Penn State University pals Brad Bogolea and Mirza Shah were living in Silicon Valley when they pitched Jeff Gee on their robotics concepts. Fortunately for them, the star designer was working at the soon-to-shutter Willow Garage robotics lab.
So the three of them — Shah was also a software engineer at Willow — joined together and in 2014 founded Simbe Robotics.
The startup’s NVIDIA Jetson-powered bot, dubbed Tally, has since rolled into more than a dozen of the world’s largest retailers. The multitasking robot can navigate stores, scan barcodes and track as many as 30,000 items an hour.
Running on Jetson enables Tally to be more efficient — it can process data from several cameras and perform onboard deep computer vision algorithms. This powerful edge AI capability enhances Tally’s data capture and processing, providing Simbe’s customers with inventory and shelf information more quickly and seamlessly while minimizing costs.
Tally makes rounds to scan store inventory up to three times a day, increasing product availability and boosting sales for retailers through reduced out of stocks, according to the company.
“We’re providing critical information on what products are not on the shelf, which products might be misplaced or mispriced and up-to-date location and availability,” said Bogolea, Simbe’s CEO.
Using Tally, retail stores are able to better understand what’s happening on store shelves, helping them recognize missed sale opportunities and the benefits of improved inventory management, said Bogolea.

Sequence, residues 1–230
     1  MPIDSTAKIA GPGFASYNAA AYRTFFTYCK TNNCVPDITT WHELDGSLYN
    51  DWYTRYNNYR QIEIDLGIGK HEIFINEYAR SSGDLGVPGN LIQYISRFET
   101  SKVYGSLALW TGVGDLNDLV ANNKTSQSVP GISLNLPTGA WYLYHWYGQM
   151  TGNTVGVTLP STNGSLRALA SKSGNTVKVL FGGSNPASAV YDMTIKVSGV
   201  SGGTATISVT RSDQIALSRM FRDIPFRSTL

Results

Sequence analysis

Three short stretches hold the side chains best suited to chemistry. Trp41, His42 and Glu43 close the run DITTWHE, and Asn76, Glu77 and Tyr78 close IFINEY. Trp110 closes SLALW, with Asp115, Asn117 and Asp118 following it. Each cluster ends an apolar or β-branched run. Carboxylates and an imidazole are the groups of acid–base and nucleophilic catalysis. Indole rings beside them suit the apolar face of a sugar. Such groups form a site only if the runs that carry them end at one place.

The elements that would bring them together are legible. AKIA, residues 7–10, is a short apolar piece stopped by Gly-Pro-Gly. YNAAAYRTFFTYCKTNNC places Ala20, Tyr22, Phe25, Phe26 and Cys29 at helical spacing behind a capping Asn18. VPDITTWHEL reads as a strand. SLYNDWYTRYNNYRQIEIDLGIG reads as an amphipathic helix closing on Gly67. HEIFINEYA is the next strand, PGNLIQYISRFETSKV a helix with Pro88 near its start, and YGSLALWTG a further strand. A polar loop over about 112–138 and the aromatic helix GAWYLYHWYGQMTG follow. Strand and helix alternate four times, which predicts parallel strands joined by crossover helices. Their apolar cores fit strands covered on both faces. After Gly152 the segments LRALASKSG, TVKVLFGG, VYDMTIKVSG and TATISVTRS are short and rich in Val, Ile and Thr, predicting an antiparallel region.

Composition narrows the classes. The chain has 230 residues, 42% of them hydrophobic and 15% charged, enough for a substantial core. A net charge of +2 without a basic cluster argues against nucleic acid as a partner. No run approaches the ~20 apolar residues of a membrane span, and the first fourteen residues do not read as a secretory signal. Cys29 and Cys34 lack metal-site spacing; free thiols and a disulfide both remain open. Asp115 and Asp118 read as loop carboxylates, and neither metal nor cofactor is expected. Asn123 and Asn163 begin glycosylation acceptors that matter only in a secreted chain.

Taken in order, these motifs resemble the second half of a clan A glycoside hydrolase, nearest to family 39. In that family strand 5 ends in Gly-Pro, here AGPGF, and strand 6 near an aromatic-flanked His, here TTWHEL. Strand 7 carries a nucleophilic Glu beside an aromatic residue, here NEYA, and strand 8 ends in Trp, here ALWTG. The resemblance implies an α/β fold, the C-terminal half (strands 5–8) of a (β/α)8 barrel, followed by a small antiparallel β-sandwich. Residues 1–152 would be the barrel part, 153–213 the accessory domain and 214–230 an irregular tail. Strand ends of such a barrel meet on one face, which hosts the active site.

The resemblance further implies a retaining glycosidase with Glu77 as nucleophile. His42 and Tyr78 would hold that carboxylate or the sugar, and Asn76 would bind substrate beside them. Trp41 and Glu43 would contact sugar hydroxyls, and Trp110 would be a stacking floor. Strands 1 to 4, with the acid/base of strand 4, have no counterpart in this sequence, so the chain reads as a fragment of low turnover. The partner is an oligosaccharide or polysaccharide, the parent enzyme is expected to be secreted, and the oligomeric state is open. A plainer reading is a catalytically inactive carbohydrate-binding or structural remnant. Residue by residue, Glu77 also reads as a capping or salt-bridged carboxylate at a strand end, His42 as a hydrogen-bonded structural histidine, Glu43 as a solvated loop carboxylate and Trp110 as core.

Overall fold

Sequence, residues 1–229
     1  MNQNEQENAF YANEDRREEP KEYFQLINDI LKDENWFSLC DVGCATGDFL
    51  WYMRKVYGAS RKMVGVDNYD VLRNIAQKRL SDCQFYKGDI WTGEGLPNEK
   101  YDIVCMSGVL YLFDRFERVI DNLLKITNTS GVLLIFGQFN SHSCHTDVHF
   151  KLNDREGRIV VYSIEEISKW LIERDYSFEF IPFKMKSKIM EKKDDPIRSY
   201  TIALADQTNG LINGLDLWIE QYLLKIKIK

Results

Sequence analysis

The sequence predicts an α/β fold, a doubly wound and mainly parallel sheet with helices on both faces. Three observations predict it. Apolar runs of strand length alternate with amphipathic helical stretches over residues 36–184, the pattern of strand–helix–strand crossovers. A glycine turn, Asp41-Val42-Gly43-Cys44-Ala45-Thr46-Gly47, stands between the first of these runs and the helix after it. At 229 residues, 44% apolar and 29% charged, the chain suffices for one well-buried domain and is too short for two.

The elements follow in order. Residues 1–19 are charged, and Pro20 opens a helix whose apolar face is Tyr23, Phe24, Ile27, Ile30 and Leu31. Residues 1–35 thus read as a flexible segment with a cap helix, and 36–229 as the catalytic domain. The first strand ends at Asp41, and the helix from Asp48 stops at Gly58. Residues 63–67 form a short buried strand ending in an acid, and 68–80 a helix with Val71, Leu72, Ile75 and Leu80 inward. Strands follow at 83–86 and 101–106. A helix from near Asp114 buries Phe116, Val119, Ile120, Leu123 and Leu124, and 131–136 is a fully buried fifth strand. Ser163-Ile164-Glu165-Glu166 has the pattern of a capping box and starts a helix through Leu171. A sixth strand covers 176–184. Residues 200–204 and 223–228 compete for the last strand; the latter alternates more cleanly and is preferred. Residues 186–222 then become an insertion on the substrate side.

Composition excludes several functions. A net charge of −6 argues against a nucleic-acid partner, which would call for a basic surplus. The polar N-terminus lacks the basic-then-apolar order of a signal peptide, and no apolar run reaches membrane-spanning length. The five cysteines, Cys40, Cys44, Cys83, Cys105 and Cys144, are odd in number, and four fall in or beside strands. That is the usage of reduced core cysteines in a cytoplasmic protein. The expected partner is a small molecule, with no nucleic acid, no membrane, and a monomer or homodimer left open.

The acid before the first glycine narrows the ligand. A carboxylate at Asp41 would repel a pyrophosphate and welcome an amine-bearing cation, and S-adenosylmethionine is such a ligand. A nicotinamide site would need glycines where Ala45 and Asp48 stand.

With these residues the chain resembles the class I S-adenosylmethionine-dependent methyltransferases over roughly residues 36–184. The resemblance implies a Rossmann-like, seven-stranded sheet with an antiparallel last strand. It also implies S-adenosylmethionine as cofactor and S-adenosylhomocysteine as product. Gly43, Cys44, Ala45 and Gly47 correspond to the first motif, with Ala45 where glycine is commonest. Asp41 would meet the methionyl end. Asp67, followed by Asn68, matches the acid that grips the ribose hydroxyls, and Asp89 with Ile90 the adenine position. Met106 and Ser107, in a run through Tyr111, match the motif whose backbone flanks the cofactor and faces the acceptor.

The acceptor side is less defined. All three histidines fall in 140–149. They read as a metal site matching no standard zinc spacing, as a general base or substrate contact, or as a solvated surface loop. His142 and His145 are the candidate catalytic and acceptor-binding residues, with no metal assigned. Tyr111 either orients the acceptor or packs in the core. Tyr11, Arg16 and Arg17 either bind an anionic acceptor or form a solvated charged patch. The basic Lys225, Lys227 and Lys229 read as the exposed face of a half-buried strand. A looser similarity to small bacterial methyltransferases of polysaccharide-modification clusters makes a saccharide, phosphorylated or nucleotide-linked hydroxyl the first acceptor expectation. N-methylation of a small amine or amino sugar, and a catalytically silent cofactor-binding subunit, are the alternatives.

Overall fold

Tally’s inventory data enables its retail partners to offer better visibility to store employees and customers about what’s on store shelves — even before they enter a store.
At Schnuck Markets, for example, where Tally is deployed in 62 stores across the midwest, the retailer integrates Tally’s product location and availability into the store’s loyalty app. This allows customers and Instacart shoppers to determine a store’s availability of products and find their precise locations while shopping.
This data has been helpful with addressing the surge in online shopping under COVID-19, enabling faster order picking through services like Instacart, helping to more quickly fulfill orders.
“Those that leverage technology and data in retail are really going to separate themselves from the rest of the pack,” said Bogolea.
There’s an added benefit for store employees, too: workers who were previously busy taking inventory can now focus on other tasks like improving customer service.
In addition to Schnucks, the startup has deployments with Carrefour, Decathlon Sporting Goods, Groupe Casino and Giant Eagle.
AI is the key technology enabling the Tally robots to navigate autonomously in a dynamic environment, analyze the vast amount of information collected by its sensors and report a wide range of metrics such as inventory levels, pricing errors and misplaced stock.
Simbe is using NVIDIA GPUs from the cloud to the edge, helping to train and inference a variety of AI models that can detect the different products on shelves, read barcodes and price labels and detect obstacles.
Analyzing the vast amount of 2D and 3D sensor data collected from the robot, NVIDIA Jetson has enabled extreme optimization of the Tally data capture system and has also helped with localization, according to the company.
Running Jetson on Tally, Simbe is able to process data locally in real time from lidar as well as 2D and 3D cameras to aid in both product identification and navigation. And Jetson has reduced its reliance on processing in the cloud.
“We’re capturing at a far greater frequency and fidelity than has really ever been seen before,” said Bogolea.
“One of the benefits of leveraging NVIDIA Jetson is it gives us a lot of flexibility to start moving more to the edge, reducing our cloud costs.”
Learn more about NVIDIA Jetson, which is used by enterprise customers, developers and DIY enthusiasts for creating AI applications, as well as students and educators for learning and teaching AI.
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